When I told Roseanne Barr that I was going back on stage, she said, "Are you gonna tell fart jokes and talk about your wiener? You better, or else nobody's gonna laugh or know what the hell you're talking about." Like me, Roseanne disdains what mainstream stand up's become. Judd Apatow dramatized this in Funny People, where older comic Adam Sandler gives protégé Seth Rogen lessons in effective coarseness. So conceptually I was ready for the bottom line.
Once in the club, however, the collective crude aggression overwhelmed me for a moment. As regulars know, I have no problem with lowbrow or crass material, so long as it fits or accentuates the overall piece. But last night I weathered a torrent of raw vulgar jokes and one-liners, aimed to push obvious audience buttons. Some of it was funny, a clever line occasionally popping up. But that's just the law of averages. Overall, it was dick prick pussy cunt cocksucker motherfucker blowjob handjob gay fag fare.
To be fair, these comics were young and largely unpolished, their energy bridging the silence when a bit flopped. I was easily 20-plus years older than most of them, pushing 30 with a few more. When I walked in and sat at the comics' table, waiting to hear the line up, they glared at me with that competitive comedy expression I hadn't seen in some time. But it came roaring back in an instant. They all knew each other, busting balls and mocking looks, and here was some strange old man, wanting in on the mix.
My life experience served me well. As a younger comic, I too was aggressive and arrogant, icing out anyone I didn't think worth my time. Now I was all smiles, initiating chats with the comics next to me. A couple wanted to know if this was my first time performing stand up. "God no," I replied. "I've done tons of stand up. But it's been a long time. I wanna knock off some rust and move in a different direction."
"Where did you play?" asked the Black comic sitting across from me.
"Around. Here and there. You know." I didn't want to get too explicit about my past or my plans.
"No. I haven't played Detroit."
The young woman next to me chimed in. "Then where?"
Now I had four comics staring at me, waiting for an answer.
"New York, LA, a little in Chicago."
"New York?!" said the kid across from me, sitting up. "You played New York
"Yeah. It was ages ago. Some of those clubs don't exist anymore."
They all looked puzzled, but didn't press me. A tall white guy confessed, "This is my first time. I'm really nervous."
"That's perfectly natural," I told him.
"What if I tank?"
"Hey man, it's only comedy. You're on stage, not the audience. You're in control. You're just sharing concepts. Play around with it."
He relaxed a little, until his name was called. He then stiffened, trudged to the stage and plowed through his set. He got a few laughs, but his nervousness showed. Once the audience sees that, you're fucked. He came off, sat and shook his head. He left soon after.
It can only get better, son. Theoretically.
By the time my name was called, the audience grew to roughly thirty people. Not bad for a Wednesday night, especially after a blizzard. I liked the intimacy of it. Problem was, so many quickly-told dick jokes preceded me, establishing a ragged energy that I think the audience expected, and for the most part welcomed. My little set was nothing like that. I was a tad anxious as the emcee introduced me, but once I hit the stage, felt the lights, adjusted the mike stand, said hello to the crowd, I was back in the moment, a sensation I hadn't experienced in 25 years. Right then I knew that coming back was the correct decision.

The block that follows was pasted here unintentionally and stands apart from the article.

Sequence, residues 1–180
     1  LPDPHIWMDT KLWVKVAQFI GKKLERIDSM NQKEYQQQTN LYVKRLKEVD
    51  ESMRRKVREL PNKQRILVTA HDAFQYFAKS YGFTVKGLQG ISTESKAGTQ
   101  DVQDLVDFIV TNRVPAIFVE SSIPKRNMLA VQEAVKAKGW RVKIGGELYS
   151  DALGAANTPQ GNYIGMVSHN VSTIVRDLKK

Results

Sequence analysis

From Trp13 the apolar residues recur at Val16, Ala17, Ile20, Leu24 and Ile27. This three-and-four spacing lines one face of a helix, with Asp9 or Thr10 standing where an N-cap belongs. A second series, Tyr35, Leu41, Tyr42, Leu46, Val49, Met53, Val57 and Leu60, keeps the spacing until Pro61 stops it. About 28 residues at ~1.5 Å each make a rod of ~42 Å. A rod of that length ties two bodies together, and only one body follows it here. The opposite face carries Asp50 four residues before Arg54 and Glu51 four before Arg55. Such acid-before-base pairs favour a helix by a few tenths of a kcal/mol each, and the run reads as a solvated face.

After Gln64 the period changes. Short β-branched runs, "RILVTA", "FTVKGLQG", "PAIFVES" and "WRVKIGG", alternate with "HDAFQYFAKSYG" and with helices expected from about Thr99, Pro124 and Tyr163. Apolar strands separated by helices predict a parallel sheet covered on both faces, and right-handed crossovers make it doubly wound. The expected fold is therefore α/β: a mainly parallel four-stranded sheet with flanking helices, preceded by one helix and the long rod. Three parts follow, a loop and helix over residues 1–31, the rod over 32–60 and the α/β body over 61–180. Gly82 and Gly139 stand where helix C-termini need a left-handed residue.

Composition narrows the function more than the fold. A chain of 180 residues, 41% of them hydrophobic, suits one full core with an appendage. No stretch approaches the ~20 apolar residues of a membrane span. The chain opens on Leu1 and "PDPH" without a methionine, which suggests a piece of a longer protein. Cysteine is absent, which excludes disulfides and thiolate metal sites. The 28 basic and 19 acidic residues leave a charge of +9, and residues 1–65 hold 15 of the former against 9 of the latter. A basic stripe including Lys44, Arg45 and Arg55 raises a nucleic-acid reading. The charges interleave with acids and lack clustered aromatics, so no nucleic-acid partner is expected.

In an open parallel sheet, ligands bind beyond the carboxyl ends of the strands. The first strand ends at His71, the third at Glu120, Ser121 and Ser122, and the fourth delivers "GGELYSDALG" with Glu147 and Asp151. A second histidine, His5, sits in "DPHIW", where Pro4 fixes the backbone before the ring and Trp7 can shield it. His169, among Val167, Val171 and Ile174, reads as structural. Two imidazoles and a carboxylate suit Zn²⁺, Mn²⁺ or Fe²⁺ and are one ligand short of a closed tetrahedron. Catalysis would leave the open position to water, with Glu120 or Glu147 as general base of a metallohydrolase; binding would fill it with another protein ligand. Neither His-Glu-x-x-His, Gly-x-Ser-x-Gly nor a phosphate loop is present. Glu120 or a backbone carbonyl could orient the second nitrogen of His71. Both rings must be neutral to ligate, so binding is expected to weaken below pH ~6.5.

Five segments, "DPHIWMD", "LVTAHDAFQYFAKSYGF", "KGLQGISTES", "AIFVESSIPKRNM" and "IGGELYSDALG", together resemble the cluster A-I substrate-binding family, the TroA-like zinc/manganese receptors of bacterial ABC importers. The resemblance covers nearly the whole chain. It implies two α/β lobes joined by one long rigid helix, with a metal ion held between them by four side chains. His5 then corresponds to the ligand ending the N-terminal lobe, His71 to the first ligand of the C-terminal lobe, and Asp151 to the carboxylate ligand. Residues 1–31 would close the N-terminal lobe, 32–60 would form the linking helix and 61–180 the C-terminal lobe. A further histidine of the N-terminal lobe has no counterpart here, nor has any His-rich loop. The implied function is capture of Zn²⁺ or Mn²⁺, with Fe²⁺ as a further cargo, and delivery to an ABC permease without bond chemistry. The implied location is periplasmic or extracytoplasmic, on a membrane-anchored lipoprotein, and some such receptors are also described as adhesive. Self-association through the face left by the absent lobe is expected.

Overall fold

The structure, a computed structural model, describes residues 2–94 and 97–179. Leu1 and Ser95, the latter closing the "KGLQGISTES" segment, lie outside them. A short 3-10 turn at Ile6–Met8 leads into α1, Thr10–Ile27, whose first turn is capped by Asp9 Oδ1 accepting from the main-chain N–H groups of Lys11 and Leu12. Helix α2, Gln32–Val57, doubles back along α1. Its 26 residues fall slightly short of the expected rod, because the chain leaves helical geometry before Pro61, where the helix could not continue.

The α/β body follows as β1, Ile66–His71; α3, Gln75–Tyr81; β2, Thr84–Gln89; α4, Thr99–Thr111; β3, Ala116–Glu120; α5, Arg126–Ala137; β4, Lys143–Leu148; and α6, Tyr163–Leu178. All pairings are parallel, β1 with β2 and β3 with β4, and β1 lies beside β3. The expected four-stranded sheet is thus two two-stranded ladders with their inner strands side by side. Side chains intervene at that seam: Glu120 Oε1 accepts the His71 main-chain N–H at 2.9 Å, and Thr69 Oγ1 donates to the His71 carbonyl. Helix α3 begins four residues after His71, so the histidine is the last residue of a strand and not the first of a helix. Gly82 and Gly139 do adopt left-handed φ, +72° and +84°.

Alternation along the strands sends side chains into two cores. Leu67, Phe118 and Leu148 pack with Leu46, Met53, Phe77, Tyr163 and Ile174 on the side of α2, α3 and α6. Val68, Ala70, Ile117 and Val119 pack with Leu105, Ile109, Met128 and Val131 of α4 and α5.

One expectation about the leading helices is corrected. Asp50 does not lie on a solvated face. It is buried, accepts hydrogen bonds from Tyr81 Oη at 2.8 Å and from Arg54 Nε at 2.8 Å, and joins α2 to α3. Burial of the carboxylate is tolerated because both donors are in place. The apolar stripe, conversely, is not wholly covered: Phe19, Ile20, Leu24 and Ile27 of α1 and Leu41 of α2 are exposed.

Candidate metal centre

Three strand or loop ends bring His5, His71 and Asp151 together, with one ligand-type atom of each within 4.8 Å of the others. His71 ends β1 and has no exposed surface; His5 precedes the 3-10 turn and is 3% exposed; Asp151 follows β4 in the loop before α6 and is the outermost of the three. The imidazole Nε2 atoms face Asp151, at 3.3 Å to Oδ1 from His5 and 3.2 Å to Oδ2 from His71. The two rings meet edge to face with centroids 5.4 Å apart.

As for my set, well, it clearly wasn't what the audience anticipated. My energy was slower, subtler, a shift that forced the room to adjust. Some of them did, many others didn't. But they didn't heckle or comment. I had their full attention. I also had complete confidence in my material, which not only was scripted, but much different from the other comics.
I kept it brief. I wanted merely to break the ice, get my stage footing back. Nothing more. My bit about being horrified that my teen son is straight got laughs in the right places, but it was hesitant laughter, either because they weren't sure if it was funny, or that it took an extra beat for the lines to sink in. I wasn't slapping their faces with my dick, and this meant they had to focus on the premise. I was also rusty in places, and could have stretched the bit with more animated takes. I may have been too low key. Something to work on and polish. That's what these local sets are all about.
I closed with my Sarah Palin love rant, which perked up the audience as my energy increased. When I'm in character, everything melts away and I ride that inner rhythm. This received the right laughs as well, though a few patrons were put off by my wanting to fuck Palin inside a dying moose. I ended my set and returned to the table.
The young woman said she loved the material, then went up and talked about the perils of dating. The rest of the comics looked at me from a distance. I couldn't fully read their expressions, but they seemed confused and wary. I was not one of them. I didn't bomb, knew my shit, was secure in my skin -- well, as secure as you can be in a comedy club. My experience showed, however rough in spots. I smiled back at them and nodded. They sipped their drinks and looked at each other.
I'm quite pleased with last night's performance. I watched the tape a few times (which I'm not going to upload, as the quality is dodgy, my features obliterated by stage lights, but soon, my loves, soon), made notes for next week, when I plan to test more new material, sans the I-wanna-nail-Palin routine. Our next president is funny, but a little of her goes a long fucking way.